"District Court embraces as-applied Second Amendment limit on federal felon-in-possession prohibtion"

I think a reasonable liberal would recognize a constitutional right to own firearms (if not the means used in Heller) and found the 5-4 split on the point unfortunate. This would still leave open various limits, including for those convicted of a crime. Nonetheless, and Martha Stewart at times is used as an example, a blanket rule here is overbroad. And, perhaps some common ground can be found here in respect to other fundamental rights such as voting.

Monday, September 29, 2014

"Breaking: Supreme Court, 5-4, Blocks Extension of Early Voting in Ohio: Analysis"

If the 6CA was wrong or not, a 5-4 stay of a voting rights win along predictable lines is just plain misguided at best. It promotes the usual stereotypes/distrust and there simply is no compelling need. Hasen's concerns are likely warranted, anyway, long term. Also, sort of want a written dissent, especially if Hasen is right about the de facto effect of this stay.

UN Women Goodwill Ambassador Emma Watson

Sunday, September 28, 2014

Get some sun!

I'm part Italian, so have a bit of color, but as a matter of personal taste don't like actresses etc. who are overly tanned. Too over-processed or something. One person who doesn't have that problem is my junior senator, Sen. Gillibrand, who is of "where the sun doesn't shine" ancestry (rather, Austrian, Scottish, German, and Irish) according to Wikipedia. Hope she gets her Vitamin D -- doesn't look like she's getting it from sunshine!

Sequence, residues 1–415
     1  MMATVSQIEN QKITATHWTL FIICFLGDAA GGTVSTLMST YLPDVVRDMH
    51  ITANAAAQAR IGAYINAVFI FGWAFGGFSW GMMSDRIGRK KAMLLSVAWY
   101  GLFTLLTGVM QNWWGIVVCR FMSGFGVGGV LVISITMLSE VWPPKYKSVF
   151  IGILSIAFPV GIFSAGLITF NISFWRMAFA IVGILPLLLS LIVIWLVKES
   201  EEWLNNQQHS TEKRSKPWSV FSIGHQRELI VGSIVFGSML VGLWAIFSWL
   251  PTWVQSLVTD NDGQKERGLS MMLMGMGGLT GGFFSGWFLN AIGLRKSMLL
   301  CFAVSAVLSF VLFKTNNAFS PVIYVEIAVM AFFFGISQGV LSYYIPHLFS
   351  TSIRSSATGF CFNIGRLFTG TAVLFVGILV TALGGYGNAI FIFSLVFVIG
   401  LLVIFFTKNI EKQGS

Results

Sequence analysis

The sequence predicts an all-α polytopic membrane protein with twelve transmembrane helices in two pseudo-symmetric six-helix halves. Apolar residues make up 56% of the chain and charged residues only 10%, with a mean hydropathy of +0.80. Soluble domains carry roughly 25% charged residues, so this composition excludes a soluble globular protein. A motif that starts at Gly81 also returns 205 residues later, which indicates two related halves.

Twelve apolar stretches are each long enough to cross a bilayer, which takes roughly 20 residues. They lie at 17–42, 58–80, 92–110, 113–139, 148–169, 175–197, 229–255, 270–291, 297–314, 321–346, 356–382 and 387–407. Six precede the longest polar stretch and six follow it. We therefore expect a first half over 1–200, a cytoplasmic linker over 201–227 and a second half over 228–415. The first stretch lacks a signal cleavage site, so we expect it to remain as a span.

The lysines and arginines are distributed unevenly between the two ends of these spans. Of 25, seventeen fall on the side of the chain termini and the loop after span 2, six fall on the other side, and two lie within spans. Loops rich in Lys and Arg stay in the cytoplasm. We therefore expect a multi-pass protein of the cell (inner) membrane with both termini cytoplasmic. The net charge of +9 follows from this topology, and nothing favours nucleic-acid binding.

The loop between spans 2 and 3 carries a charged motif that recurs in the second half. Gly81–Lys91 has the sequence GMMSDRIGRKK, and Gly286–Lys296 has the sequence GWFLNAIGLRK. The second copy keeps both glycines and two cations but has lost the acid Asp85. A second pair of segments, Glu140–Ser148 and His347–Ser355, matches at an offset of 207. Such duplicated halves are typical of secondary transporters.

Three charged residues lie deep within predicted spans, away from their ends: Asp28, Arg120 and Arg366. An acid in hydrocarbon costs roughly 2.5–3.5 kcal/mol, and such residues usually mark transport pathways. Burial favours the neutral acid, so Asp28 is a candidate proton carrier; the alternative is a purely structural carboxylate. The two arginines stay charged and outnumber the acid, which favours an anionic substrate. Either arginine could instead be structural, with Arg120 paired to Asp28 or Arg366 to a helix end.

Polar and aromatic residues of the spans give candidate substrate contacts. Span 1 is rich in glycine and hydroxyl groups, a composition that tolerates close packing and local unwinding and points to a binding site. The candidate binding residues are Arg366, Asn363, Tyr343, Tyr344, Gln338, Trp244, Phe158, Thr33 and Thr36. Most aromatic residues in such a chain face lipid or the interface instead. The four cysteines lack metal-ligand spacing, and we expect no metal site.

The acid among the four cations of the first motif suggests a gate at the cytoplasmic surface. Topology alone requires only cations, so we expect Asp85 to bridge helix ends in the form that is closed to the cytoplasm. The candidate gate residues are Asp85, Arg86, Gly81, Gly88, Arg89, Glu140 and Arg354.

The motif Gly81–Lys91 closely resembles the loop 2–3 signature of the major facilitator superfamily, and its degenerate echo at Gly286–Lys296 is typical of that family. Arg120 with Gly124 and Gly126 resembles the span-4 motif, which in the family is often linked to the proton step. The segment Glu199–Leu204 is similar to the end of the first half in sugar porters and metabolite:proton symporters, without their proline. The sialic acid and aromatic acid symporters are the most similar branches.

Sports Sunday

Mets improved by five games and in regards to pitching and a few positions made some promising steps forward this season. They did finish (fwiw) in second place. They still need another bat or two to truly contend. Meanwhile, bad start by NYJ, 0-3 vs. the NFC North. Giants had a good week. Also, Tampa beat Steelers near the buzzer, taking a bit of the bad taste of a whooping by the Falcons. Nats had a no-hitter but no upsets in Game 162.

"The Unrepentant Bootlegger"

Good article and video regarding a convicted founder of an illegal downloading site. On that scale, I accept the government targeting, though question a year and a half in prison. Big picture, changing the copyright model makes sense. There is a way to have most everyone win here if with a bit less thrill. Given his later dissents, this Breyer article is interesting.

Saturday, September 27, 2014

"The President’s Legal Authority to Order the Use of Military Force against ISIL"